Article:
Skip to main content


Sitasar – Sita Bathed In This Pond While Staying In Valmiki Ashram


Sitasar is a derelict pond where Mata Sita is believed to have bathed while living in the ashram of Sage Valmiki after she was abandoned by Sri Ram. It is located at Sunam in Sangrur District in Punjab, India. It may once have been a large water tank, watered by a branch of Satluj River or now extinct Saraswati River.


Historical Importance of Sunam in Punjab Where Sitasar is Located

Some scholars hold that once Satluj flowed near Sunam, whereas some others believe that it was Saraswati which flowed here.

Sunam is one of the oldest towns of Punjab. Most of the town is inhabited over the old mound, which yields important relics, particularly after the rains.

Typically, pre-Harappan shards bearing decorations in black and white pigments have been picked up from the peripheries of the mound. That the site continued under habitation during the Indus-Saraswati civilization is indicated by pieces of the typically Harappan perforated jars, pottery bearing papal leaf decorations and terracotta cakes. Grey Ware takes the continuity of the habitation to the early historic period.

Artifacts Retrieved From Sitasar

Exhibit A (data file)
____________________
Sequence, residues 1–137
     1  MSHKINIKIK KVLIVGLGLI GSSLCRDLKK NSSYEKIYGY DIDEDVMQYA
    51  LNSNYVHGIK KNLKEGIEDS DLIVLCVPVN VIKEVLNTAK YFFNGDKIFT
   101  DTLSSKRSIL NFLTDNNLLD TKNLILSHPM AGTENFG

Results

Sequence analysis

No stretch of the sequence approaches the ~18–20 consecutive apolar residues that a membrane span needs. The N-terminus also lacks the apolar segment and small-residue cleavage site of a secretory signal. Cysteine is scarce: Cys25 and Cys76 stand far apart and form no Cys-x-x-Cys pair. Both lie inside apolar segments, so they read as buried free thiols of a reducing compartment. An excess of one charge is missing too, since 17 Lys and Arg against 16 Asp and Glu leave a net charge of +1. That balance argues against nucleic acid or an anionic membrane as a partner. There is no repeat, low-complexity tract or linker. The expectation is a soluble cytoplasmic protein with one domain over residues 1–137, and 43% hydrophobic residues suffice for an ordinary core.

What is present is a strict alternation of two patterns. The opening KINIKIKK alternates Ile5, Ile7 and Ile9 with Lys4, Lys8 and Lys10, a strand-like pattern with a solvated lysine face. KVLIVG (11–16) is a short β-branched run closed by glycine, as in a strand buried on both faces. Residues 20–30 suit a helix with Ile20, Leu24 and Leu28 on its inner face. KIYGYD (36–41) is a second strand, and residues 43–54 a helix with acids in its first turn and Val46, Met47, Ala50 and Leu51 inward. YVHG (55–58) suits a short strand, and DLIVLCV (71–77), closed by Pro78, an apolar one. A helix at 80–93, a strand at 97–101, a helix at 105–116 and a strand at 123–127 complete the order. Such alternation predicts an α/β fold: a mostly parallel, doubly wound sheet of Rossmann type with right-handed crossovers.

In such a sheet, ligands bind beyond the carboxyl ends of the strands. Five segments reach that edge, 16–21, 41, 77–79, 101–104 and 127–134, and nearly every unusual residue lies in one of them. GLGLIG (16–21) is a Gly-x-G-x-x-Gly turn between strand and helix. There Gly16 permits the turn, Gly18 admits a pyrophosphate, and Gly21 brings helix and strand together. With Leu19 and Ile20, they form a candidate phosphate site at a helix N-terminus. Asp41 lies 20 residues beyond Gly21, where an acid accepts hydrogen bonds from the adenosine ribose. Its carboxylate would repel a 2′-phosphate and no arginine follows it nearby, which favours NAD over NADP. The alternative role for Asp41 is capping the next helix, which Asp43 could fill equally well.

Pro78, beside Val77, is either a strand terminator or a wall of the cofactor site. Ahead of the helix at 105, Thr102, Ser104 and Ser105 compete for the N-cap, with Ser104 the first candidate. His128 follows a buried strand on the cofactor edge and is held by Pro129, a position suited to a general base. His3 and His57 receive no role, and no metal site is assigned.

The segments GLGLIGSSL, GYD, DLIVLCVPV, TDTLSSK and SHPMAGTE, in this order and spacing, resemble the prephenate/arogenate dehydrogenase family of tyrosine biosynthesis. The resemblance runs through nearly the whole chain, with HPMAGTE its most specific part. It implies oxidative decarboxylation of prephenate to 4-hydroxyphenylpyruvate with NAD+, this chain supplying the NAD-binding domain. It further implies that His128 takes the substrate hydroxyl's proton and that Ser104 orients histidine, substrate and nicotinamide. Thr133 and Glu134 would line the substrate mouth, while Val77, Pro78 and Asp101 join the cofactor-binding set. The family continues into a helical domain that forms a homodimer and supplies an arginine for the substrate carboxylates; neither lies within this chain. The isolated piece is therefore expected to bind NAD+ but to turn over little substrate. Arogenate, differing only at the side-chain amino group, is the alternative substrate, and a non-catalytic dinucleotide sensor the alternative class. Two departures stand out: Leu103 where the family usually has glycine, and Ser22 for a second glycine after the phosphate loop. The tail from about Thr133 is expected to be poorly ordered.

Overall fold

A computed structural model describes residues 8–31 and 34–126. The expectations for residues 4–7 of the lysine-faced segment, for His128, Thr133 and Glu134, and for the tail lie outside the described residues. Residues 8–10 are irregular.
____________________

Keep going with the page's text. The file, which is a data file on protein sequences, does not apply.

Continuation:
Sitasar has yielded a hoard of coins buried in a small pot. The hoard contained 33 silver punch-marked coins of Mauryan karshapana series; 27 copper, punch-marked pieces; and a few other copper coins bearing the six-armed sadara-chakra-swastika and other symbols. Antiques are often found from the bed of the tank.

Sunam was a flourishing town during the Indo-Greek and Indo-Scythian periods, as indicated by numerous terracotta figurines.

A hoard of about 13 kg of Kushan copper coins in an individual private collection and hundreds of stray pieces picked up from the mound by others indicate its past prosperity, probably resulting from trade. That after the exit of Kusanas the place was held by Yaudheyas is also indicated by their copper coins.

The discovery of two and a half kilograms of silver coins of Samanta Deva vouches for its being an important town even in the medieval period, to which also belong numerous Hindu and Jain sculptures obtained from Sitasar and other parts of the site.

A huge image of Surya, accompanied by his acolytes Danda and Pingala, as well as his spouses Chaya and Suvarcha; a door lintel showing Garudaruda Vishnu and Brahma seated in a graceful posture on his swan vehicle; Garuda on an architectural piece; a fragment of the pedestal of an image of Vishnu showing Chakra purusha, bhudevi and Garuda; detached pieces of Vishnu’s discus; a lintel with Ganesha as the central piece; Uma Maheshwara, Nataraja, Mahishasuramardini, Parvati, Vidyadhara couples, a schist image of Jaina Tirthankara Neminatha, a fragmentary relief of Sreyamasanatha and numerous other pieces testify to the past existence of Hindu and Jain shrines.

The local Jaina Temple possesses a good number of inscribed Jaina bronzes and manuscripts, many of which have been donated to Jaina Vishwabharati and Ladnun in Rajasthan.

The Sitasar Complex currently preserves some of the important artifacts that were discovered from the pond and nearby regions.


Source - notes taken from Encyclopedia of Hinduism Volume IX -IHRF page 514